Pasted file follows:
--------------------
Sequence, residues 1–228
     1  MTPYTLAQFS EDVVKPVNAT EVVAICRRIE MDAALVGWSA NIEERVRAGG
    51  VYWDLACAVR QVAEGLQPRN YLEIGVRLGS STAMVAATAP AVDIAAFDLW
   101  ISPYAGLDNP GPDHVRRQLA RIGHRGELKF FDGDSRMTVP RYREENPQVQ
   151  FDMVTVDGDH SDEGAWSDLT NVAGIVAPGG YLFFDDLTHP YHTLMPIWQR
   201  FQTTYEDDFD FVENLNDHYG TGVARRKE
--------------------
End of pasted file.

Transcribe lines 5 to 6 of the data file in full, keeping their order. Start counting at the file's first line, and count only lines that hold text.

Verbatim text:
   151  FDMVTVDGDH SDEGAWSDLT NVAGIVAPGG YLFFDDLTHP YHTLMPIWQR
   201  FQTTYEDDFD FVENLNDHYG TGVARRKE